The Maricopa County Attorney’s office said last week it intends to drop criminal charges against Roberta Smith, a former Gilbert Chamber of Commerce board member accused of removing signs related to the town’s 2011 elections.
According to an April 11 letter from deputy county attorney J. Raimondo addressed to Gilbert resident Steve Johnson, charge against Smith – the unlawful removal of a political sign, a class one misdemeanor – was dropped “without prejudice because there is no reasonable likelihood of a conviction at this time.”
During the town’s 2011 election run, Johnson reportedly put up about 100 signs in the community stating “Shame on Gilbert.” Johnson, who also runs the shameongilbert.org website – operating as part of the Committee to Restore Integrity to Gilbert – was not running for office but said in numerous reports that his interests and the interests of all Gilbert residents were tied to the results of the town council election.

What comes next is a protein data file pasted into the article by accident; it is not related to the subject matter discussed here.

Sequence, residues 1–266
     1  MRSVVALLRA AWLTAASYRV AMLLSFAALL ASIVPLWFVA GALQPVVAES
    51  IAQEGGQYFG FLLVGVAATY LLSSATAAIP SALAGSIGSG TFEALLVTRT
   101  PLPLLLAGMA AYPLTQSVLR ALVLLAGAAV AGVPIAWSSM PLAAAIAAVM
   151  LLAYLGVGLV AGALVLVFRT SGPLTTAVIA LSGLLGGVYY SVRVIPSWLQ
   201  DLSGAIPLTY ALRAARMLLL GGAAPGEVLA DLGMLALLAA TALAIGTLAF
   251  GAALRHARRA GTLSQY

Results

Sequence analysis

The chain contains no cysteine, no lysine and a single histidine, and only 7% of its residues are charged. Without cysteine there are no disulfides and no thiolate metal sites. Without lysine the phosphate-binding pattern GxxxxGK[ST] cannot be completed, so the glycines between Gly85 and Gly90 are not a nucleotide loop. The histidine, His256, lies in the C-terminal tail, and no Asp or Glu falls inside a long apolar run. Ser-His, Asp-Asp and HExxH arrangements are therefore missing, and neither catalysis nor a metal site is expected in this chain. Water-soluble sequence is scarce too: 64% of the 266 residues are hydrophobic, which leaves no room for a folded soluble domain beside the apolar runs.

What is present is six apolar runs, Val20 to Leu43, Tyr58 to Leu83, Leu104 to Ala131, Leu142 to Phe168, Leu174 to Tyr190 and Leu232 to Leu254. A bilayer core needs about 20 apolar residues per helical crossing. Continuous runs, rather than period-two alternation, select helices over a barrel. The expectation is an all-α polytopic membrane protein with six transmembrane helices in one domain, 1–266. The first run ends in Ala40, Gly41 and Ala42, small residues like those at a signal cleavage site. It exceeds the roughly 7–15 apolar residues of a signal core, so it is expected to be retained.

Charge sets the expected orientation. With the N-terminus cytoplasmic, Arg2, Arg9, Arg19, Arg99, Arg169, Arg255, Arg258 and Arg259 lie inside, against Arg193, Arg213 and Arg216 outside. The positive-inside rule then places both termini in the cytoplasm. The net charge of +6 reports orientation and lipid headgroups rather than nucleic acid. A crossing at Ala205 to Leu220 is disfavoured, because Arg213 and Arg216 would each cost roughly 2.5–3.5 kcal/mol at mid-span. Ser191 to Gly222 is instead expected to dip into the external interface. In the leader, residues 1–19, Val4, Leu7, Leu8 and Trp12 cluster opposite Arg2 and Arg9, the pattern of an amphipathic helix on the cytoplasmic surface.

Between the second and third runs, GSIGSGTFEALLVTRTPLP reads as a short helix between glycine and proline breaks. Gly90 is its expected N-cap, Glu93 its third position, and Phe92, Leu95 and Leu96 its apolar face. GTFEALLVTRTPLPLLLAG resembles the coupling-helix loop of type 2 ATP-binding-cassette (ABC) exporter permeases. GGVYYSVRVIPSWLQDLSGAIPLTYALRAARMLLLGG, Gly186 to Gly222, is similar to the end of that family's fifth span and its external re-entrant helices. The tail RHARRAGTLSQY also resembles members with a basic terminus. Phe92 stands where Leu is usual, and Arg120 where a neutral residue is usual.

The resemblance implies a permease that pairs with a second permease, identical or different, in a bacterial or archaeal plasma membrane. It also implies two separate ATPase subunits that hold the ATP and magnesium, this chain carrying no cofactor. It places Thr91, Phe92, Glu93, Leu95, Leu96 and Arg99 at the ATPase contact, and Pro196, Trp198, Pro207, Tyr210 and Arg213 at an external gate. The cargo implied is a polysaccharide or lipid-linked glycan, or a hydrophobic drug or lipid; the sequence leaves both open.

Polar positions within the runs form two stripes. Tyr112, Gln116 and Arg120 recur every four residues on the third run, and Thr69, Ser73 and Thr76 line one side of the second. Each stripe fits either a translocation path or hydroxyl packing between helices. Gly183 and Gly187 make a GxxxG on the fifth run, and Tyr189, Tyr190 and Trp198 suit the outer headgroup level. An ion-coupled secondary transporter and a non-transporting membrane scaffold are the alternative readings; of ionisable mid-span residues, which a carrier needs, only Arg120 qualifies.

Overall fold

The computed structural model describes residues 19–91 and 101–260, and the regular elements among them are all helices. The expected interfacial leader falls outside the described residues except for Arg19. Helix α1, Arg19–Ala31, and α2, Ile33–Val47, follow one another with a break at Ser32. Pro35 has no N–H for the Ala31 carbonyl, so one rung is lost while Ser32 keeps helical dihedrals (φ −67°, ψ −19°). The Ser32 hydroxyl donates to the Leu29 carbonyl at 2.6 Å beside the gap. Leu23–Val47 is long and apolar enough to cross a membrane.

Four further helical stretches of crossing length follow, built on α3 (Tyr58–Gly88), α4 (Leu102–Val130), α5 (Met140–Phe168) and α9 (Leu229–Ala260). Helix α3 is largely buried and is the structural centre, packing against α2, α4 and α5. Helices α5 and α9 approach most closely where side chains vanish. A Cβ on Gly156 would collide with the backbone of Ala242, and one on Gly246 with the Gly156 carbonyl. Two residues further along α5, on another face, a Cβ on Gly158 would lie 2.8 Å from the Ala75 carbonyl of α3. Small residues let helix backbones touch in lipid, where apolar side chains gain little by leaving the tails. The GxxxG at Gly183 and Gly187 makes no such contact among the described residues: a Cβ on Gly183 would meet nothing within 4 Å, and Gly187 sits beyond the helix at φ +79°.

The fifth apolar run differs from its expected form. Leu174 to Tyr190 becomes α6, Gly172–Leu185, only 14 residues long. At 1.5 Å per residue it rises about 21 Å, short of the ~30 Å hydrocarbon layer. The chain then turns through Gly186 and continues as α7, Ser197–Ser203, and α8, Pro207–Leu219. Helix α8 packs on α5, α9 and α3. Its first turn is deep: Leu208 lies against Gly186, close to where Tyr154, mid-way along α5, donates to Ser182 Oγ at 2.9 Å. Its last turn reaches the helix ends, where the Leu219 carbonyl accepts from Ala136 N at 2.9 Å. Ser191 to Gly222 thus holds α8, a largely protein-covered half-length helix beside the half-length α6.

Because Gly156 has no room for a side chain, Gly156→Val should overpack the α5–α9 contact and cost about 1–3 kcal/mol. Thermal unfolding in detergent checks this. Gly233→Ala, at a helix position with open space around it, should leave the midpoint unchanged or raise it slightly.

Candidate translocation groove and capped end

It was alleged that Smith was a friend of then-Gilbert councilmember Linda Abbott, who at the time was seeking reelection but was defeated.
Raimondo’s letter stated that under the Gilbert Municipal Code, signs are political when “erected for the purpose of influencing an election.” The letter went on to say that Johnson’s signs were “ideological,” and not “political,” and therefore weren’t protected from removal by the Gilbert Code.
On the shameongilbert.org website, a quote attributed to Johnson stated: “There is nothing more sacred to Americans and our Constitution than the right to political free speech. When I was called by the news media about this event, it was the removal of ‘political’ signs that caught their attention. Make no mistake – these signs influenced the outcome of the election and cannot be reasonably construed as merely ideological.”